i'm ready to act. i want to live in a way that matters.

my feelings may best be summed up by the words on a plaque that i bought when shopping in downtown alexandria with the two mrs. teaters (i intend to hang this in a prominent position in the new apartment):

"she packed up her potential and all she had learned, grabbed a cute pair of shoes and headed out to change a few things'"

Friday, July 16, 2010

all we can do is keep breathing

i started the day with an incredibly productive attitude and looked forward to getting a lot done in the window of time after lunch (that is, right now). that energy has been zapped. i need to get out a few thoughts and reflections before i turn myself back to my work.

today at lunch a group of us watched the second half of a movie called A Crude Awakening. it is a documentary made in 2006 about our world's consumption of oil and the impending "peak" of the earth's supply of oil. bread has a "green team" that promotes awareness and discussion of environmental issues such as this.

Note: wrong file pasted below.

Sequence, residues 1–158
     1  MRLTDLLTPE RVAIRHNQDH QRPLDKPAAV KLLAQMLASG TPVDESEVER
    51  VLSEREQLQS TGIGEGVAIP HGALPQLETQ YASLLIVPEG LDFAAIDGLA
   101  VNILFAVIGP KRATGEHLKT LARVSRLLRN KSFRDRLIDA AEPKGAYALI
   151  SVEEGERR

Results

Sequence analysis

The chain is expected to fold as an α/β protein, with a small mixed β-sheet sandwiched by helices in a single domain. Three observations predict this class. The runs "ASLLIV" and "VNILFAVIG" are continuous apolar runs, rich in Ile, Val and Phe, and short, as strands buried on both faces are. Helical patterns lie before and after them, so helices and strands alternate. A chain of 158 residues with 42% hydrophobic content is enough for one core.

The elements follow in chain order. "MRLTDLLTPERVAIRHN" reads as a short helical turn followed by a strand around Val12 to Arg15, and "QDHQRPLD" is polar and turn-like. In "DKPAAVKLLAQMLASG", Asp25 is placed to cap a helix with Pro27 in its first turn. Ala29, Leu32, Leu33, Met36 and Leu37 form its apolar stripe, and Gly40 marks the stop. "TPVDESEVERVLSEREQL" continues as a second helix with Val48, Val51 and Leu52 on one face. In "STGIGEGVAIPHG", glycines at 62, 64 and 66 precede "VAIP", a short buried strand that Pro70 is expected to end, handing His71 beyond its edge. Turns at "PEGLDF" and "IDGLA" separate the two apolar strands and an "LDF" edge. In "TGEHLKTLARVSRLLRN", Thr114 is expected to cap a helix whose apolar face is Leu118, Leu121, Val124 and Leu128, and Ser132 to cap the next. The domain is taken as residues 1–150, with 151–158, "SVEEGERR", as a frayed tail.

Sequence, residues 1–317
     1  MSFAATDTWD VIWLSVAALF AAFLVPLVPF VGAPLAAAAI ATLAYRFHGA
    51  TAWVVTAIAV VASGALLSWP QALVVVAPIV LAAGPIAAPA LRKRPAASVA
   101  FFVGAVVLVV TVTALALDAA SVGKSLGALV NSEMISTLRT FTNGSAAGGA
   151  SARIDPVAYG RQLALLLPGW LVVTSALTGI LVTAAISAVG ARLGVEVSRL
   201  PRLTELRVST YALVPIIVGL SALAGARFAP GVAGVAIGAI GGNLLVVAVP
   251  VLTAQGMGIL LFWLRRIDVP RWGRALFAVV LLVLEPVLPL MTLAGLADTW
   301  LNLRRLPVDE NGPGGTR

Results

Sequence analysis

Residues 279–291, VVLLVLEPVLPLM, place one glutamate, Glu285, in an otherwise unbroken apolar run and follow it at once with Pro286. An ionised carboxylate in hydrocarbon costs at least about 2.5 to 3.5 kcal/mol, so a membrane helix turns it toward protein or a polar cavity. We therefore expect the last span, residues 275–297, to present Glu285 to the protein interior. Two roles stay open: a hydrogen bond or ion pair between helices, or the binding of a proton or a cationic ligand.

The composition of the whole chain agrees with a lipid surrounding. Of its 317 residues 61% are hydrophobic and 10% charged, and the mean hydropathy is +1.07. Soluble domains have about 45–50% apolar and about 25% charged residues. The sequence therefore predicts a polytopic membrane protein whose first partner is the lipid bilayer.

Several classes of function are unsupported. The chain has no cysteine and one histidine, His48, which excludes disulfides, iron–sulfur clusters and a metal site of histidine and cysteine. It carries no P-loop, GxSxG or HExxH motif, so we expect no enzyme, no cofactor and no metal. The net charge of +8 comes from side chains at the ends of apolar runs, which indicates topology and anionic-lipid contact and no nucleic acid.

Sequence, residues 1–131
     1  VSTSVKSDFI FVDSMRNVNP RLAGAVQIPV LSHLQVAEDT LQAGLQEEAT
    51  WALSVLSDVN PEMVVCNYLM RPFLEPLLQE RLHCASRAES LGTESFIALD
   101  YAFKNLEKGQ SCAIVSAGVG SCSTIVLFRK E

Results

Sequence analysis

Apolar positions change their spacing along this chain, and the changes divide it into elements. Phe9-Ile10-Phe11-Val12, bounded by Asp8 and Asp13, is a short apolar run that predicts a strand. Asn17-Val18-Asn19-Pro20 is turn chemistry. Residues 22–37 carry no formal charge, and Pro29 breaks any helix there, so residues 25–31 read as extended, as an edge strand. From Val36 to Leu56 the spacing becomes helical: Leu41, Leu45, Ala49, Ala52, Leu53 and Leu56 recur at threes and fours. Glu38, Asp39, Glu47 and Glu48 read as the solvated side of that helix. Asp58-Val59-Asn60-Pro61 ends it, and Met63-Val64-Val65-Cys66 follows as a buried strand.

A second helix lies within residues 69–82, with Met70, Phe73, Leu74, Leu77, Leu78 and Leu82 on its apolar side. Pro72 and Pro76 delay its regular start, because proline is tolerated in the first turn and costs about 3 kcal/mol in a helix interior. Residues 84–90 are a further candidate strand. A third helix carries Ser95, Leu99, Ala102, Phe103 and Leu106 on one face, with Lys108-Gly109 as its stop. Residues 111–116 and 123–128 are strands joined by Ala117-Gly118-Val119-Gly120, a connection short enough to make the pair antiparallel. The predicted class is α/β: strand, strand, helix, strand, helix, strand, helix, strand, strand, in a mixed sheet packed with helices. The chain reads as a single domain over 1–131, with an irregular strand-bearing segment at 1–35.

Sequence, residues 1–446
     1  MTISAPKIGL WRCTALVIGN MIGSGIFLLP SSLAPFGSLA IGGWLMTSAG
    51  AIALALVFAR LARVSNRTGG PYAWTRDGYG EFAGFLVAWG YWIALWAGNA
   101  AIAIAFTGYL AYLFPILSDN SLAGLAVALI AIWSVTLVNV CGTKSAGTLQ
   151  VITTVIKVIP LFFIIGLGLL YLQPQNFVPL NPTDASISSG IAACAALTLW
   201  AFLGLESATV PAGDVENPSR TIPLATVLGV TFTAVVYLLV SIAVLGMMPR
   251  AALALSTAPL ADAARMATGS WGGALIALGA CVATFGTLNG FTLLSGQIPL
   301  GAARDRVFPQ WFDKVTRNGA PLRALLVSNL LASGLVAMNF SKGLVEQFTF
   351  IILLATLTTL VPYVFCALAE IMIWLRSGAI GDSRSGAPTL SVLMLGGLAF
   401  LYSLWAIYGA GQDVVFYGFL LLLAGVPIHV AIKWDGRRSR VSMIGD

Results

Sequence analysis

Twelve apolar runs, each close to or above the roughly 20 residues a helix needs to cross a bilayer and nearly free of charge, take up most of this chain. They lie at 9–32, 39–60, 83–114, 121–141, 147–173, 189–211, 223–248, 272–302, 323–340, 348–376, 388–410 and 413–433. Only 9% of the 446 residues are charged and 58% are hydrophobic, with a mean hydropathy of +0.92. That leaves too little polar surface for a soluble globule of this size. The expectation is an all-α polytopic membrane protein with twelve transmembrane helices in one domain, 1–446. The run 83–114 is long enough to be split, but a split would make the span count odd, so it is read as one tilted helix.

the first half, which we watched last friday, was informative and moderately concerning. it was good food for thought and i think we all left in a contemplative spirit. the second half, however, was downright apocalyptic. when the credits began to roll, we all could only stare at one another in morbid shock. here's the movie's message in a nutshell: we've over-exploited our oil resources and we're going to run out--in our lifetime. we've built our society upon the assumption that the oil would never run out and the infrastructure just isn't there to realistically deal with such a crisis. anything we might do to help---buying hybrid cars, carpooling, conserving, reducing our carbon footprints---is too little too late.

 it certainly comes as no surprise that we've been exploitative in our use of oil. but the movie's doomsday predictions were harsh and hopeless. the interviewees gave no real viable energy solutions--perhaps solar, but the development isn't currently in place and the cost is high. so do we revert to simpler lifestyles? do we fight wars over oil until we kill almost everyone off? do we wait and see what happens and then solve it or do we beg our politicians and leaders to wake up and start dealing with it now?